The continuing opposition of the British Medical Association (BMA) to assisted dying is at odds with the views of most doctors and patients, and undermines the association's credibility, a U.K. radiologist wrote in an article published on 7 February in the BMJ.
Dr. Jacky Davis, a consultant radiologist at the Whittington Hospital in London, highlighted a recent survey showing that most U.K. doctors support legislation for assisted dying. In addition, a 2015 poll found that approximately 80% of the U.K. public supported a change in the law. The BMA, which represents U.K. doctors, has long been opposed to assisted dying despite calls for it to adopt a neutral stance, she said.
This disconnect undermines the BMA's credibility, and its continuing opposition excludes the group from the public debate on assisted dying, said Davis, who is also a member of BMA Council, a board member of Dignity in Dying, and chair of Healthcare Professionals for Assisted Dying.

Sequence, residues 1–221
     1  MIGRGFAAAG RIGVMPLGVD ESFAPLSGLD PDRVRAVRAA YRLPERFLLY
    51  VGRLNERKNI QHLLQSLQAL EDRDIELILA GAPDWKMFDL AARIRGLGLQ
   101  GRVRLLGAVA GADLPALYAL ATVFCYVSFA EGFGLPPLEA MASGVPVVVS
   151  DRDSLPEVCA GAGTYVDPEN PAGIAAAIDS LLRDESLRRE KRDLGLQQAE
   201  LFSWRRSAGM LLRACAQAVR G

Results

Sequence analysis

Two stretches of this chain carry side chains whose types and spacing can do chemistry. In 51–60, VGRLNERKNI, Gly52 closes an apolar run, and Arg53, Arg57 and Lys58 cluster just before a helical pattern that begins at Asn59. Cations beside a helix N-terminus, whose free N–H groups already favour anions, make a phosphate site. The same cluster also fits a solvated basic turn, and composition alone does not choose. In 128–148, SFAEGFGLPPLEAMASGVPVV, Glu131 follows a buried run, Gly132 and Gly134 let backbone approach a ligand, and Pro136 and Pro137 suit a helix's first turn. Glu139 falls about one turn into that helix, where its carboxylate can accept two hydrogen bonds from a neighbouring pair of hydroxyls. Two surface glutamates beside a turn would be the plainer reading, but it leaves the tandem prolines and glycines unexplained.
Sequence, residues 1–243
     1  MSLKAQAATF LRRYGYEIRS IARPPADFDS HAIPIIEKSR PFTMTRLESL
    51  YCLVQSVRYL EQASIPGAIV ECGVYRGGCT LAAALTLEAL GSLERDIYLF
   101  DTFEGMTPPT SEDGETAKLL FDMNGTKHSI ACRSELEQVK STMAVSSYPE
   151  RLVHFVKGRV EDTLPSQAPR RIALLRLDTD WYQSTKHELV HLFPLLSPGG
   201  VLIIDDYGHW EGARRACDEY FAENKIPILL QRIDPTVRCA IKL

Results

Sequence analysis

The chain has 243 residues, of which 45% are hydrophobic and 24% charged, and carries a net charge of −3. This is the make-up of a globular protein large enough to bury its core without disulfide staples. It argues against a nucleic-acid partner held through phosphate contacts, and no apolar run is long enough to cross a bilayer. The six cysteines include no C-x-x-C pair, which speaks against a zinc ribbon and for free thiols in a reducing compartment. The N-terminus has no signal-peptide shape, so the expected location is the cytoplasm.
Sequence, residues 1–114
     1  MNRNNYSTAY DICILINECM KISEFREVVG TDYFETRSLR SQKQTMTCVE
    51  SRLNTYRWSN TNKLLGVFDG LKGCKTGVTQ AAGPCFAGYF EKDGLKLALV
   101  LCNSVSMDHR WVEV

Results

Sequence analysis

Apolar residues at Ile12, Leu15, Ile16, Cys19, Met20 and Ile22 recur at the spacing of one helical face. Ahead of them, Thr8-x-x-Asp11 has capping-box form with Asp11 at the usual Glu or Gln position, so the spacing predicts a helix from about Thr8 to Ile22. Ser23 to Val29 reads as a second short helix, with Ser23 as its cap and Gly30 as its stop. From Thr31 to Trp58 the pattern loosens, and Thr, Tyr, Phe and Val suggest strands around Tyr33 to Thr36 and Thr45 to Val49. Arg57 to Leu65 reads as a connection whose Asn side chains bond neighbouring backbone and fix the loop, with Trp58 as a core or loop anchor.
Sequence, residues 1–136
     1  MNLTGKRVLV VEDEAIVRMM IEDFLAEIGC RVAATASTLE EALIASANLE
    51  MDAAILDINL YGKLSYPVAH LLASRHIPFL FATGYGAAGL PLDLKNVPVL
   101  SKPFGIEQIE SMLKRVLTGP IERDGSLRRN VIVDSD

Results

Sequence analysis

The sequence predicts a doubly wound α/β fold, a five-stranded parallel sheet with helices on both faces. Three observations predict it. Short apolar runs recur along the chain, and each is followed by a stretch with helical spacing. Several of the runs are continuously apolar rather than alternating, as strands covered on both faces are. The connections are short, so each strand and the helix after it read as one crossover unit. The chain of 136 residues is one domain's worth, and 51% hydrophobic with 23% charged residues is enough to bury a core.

Davis noted that other jurisdictions, such as the U.S. state of Oregon, have proved it's possible to change the law, and doctors have shown that such laws can work hand in hand with excellent palliative care. Ultimately, legalization of assisted dying will be a decision for U.K. society, she said.
Davis' article was one of a series published by the BMJ on assisted dying.